"Amid major global changes, especially as the United States and the West use the sanctions toolkit while pursuing the conservative policy of protectionism <…>, the comprehensive strategic partnership between China and Russia serves as a new model of international relations and a stabilizer of the current global situation," Li Xin, Director for Russian and Central Asian Studies at the Shanghai Institutes for International Studies, said in an interview with Izvestia.

The New York Times reported that Xi and Putin have met either in person or via video link more than 40 times. They often exchange birthday greetings, but more importantly they consider themselves to be the leaders of an alternative world system that is getting rid of American dictates. Thus, it comes as no surprise that during his meeting with senior European politicians Xi made no promises to use his influence on Russia to coax concessions on Ukraine.

In an interview with Nezavisimaya Gazeta, Alexander Lukin, research director at the Russian Academy of Sciences’ Institute of China and Contemporary Asia, said that China had formulated its position on Ukraine in a 12-point peace plan. "As regards the coming summit [on Ukraine] in Switzerland, he has not decided yet whether to send his delegate there or not. And if you ask him what he thinks, he will say that Russia’s concerns should be taken into account at the negotiations," he concluded.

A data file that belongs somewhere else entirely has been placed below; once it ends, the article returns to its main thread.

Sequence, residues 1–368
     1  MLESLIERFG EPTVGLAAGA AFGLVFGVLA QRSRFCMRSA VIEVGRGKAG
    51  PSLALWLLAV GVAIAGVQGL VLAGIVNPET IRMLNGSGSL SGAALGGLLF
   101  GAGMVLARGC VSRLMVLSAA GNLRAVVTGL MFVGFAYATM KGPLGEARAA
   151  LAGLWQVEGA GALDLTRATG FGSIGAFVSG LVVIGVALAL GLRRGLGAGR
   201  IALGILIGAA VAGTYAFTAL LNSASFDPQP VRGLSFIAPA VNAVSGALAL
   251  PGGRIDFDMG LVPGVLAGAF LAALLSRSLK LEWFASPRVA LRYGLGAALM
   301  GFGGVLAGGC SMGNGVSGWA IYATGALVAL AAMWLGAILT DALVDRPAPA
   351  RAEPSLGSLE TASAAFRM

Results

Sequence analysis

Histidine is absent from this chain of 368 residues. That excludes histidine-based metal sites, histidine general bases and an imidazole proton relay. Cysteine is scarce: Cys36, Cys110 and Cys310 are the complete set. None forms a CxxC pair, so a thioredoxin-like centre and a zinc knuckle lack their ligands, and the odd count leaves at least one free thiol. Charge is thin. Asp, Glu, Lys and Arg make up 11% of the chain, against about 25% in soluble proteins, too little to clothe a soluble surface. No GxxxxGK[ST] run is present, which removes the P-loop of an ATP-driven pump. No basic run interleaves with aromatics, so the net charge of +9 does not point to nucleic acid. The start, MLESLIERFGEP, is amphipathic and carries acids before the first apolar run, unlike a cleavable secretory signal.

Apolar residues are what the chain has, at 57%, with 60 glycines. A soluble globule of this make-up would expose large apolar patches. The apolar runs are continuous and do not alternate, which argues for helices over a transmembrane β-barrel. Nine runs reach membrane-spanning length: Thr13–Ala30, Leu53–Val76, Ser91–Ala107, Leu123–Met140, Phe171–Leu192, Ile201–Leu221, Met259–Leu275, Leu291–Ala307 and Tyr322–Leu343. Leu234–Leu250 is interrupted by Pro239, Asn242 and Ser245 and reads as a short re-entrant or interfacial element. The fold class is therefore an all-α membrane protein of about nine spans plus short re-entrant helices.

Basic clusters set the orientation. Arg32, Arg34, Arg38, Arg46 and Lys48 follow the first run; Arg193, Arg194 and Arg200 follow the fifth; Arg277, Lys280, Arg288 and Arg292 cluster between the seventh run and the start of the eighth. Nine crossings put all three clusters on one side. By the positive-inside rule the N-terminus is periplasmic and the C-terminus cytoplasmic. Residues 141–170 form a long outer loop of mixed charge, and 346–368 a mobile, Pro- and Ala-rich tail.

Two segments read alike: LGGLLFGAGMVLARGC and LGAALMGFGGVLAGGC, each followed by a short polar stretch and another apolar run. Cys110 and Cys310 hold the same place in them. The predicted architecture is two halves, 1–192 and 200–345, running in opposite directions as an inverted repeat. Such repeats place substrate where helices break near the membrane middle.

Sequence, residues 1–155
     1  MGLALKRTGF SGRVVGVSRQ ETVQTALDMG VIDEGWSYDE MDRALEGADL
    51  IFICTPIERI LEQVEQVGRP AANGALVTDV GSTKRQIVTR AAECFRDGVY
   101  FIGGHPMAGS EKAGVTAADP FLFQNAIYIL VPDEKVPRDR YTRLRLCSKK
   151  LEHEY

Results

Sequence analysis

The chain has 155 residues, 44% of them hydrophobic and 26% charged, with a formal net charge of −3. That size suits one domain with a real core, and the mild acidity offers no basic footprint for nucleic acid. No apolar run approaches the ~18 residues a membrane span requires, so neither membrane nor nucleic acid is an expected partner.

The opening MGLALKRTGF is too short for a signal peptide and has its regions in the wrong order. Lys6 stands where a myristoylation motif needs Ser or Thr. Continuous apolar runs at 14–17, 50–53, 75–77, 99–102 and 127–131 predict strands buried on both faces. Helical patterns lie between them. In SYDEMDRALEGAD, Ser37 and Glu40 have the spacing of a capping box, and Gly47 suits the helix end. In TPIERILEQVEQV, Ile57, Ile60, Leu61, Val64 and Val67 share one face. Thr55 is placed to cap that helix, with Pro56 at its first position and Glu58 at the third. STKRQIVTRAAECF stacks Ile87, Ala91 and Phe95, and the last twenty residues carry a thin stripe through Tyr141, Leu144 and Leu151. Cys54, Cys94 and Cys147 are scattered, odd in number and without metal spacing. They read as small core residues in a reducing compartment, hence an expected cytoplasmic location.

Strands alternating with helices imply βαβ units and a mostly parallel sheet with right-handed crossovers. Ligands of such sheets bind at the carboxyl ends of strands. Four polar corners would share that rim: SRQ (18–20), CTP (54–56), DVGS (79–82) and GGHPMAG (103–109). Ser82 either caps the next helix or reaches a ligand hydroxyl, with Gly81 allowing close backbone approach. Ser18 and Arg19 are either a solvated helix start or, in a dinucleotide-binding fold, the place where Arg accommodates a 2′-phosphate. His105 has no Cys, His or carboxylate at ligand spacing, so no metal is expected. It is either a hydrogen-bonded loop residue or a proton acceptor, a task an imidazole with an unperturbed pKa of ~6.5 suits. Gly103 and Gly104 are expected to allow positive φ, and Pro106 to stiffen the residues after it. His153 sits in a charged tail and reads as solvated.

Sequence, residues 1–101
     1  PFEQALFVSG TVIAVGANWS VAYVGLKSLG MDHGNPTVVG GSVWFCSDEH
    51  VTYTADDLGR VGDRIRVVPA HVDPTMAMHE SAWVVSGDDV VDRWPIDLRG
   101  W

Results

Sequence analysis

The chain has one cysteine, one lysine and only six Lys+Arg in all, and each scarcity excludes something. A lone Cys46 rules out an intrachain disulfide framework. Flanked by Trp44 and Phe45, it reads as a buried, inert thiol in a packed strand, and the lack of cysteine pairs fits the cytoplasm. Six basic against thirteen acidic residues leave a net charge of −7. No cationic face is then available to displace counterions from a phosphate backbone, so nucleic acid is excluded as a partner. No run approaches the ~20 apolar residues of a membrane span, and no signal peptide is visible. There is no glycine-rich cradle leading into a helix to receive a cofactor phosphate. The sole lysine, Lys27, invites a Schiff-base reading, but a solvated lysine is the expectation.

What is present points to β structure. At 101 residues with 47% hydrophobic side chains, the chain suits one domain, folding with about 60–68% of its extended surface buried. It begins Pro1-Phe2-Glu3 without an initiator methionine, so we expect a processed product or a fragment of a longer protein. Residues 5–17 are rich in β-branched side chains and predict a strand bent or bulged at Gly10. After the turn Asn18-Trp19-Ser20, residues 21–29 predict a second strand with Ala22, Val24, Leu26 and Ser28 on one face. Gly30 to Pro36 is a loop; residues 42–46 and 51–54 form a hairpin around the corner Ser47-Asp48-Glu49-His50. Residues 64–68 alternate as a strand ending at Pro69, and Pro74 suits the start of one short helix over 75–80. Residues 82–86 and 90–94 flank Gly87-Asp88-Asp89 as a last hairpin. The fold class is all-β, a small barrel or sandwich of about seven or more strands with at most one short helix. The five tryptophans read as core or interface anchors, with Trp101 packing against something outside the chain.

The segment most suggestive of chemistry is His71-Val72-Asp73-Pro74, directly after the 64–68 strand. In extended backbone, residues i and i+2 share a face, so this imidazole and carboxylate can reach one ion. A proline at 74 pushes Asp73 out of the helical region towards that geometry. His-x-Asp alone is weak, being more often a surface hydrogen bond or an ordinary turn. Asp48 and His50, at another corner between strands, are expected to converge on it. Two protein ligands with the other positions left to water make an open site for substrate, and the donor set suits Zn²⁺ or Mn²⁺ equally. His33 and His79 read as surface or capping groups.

Vedomosti: Slovak PM Fico shot by 71-year-old poet

An attempt on the life of the premier of Slovakia, Robert Fico, who represents the Direction - Social Democracy party, or Smer, was made on Wednesday after he chaired a government meeting in the city of Handlova, about 150 km northeast of the country's capital Bratislava, the Plus TV channel reported. The detained gunman was a 71-year-old resident of the town of Levice in western Slovakia, who lawfully owned his weapon, writes Aktuality. According to the privately-owned TV channel Ta3, the attacker is writer Juraj Cintula. Other as yet unconfirmed reports say he sympathized with the Progressive Slovakia opposition party. In the attack, the Slovak PM was wounded in the chest, abdomen and shoulder.

After the incident, Fico, 59, was taken by helicopter to a hospital in Banska Bystrica. The attack was condemned by outgoing Slovak President Zuzana Caputova from the Progressive Slovakia party as she wished the prime minister the soonest recovery. In a telegram to Caputova, Russian President Vladimir Putin said he "was outraged to learn" about what happened as he called the attack "a hideous crime" that "cannot be justified."